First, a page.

John Hunt

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Served the Territorial Court from 1824 through 1827

John Hunt was a native of New England. His exact birthplace is a matter of dispute. According to B.F. Witherell, Hunt was born in Massachusetts. However, John Winder said that Hunt was born in Berkshire, Pennsylvania. Hunt arrived in Detroit in either 1818 or 1819, and his commanding character soon gave him the reputation of being a model citizen.

Hunt was tall and thin, about five feet eleven inches and weighing around 155 pounds. He was “dignified in bearing, straight as an arrow, of medium complexion, dark-brown hair, bright blue eyes and clean shaven face.”

Upon his arrival in Michigan, he began practicing law with General Charles Larned. He was married to Larned’s sister, Martha B. Larned. Together, Hunt and his brother-in-law built a very successful practice.

In 1820, Hunt was elected to the Board of Trustees of Detroit. This board was organized in 1815 and was the result of the first successful effort of the inhabitants of Michigan to obtain a measure of self-government, which had been previously denied them under the rule of the Governor and Judges. The Board of Trustees came to an end in 1824 when the Common Legislative Council was created.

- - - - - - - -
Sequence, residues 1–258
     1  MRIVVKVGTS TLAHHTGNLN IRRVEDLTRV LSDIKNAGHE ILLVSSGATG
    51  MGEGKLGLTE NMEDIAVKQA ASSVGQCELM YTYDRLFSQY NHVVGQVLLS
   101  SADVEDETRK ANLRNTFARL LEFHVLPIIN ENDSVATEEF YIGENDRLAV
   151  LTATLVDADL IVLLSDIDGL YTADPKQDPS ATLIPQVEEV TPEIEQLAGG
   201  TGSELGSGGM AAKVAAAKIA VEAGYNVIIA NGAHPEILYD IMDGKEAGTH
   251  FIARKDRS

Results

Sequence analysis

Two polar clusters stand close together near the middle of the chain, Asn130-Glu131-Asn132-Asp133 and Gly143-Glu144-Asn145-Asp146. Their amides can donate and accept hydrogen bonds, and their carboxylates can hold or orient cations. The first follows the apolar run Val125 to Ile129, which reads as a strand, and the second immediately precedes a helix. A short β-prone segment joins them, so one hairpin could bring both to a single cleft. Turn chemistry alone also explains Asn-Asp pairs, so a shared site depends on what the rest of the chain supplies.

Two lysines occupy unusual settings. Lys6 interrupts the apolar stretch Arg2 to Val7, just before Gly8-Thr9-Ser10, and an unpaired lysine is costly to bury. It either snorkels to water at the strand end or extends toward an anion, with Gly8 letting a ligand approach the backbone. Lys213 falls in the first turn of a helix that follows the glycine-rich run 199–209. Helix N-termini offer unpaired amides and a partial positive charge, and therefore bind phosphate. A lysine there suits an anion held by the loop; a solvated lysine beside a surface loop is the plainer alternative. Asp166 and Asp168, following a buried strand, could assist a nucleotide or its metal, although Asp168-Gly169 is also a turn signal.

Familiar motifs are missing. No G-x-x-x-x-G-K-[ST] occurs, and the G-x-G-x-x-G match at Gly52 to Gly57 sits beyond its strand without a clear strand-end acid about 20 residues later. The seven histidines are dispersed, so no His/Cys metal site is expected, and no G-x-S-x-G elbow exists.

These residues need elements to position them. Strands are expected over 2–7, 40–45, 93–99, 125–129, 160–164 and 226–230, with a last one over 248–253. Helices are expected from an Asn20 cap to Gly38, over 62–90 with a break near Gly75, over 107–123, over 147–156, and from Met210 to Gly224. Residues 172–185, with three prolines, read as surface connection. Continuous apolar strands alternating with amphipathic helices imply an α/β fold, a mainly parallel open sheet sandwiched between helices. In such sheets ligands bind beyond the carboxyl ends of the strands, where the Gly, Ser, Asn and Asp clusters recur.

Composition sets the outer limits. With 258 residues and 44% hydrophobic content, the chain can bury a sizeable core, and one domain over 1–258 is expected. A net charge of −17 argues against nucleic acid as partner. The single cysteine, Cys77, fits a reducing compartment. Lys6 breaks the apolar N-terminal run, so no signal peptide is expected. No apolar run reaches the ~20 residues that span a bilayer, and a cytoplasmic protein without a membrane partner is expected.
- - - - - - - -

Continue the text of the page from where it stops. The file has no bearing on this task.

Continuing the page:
In 1824, as the reorganization of the Territorial government was taking place, Hunt was appointed to the newly established Michigan Supreme Court. At this point, he dissolved his partnership with Larned and began his judicial duties. He served the Court until 1827.

After his service on the Bench, Hunt’s health failed significantly and he became afflicted with delusions. One delusion was that his legs were made of straw and that he could not walk. Finally, his doctor came over with a rawhide whip and struck Hunt on the legs. Hunt sprang up from his bed and marveled at his ability to walk. Unfortunately, other delusions followed.

He and his family moved to Washington, D.C. following the death of his wife in 1826. John Hunt died near Ithaca, New York, in June of 1827 due to his increasing problems with delusions. (Ross, Robert B. The Early Bench and Bar of Detroit: 1805 – 1850. Detroit: Richard P. Joy and Clarence M. Burton, 1907.)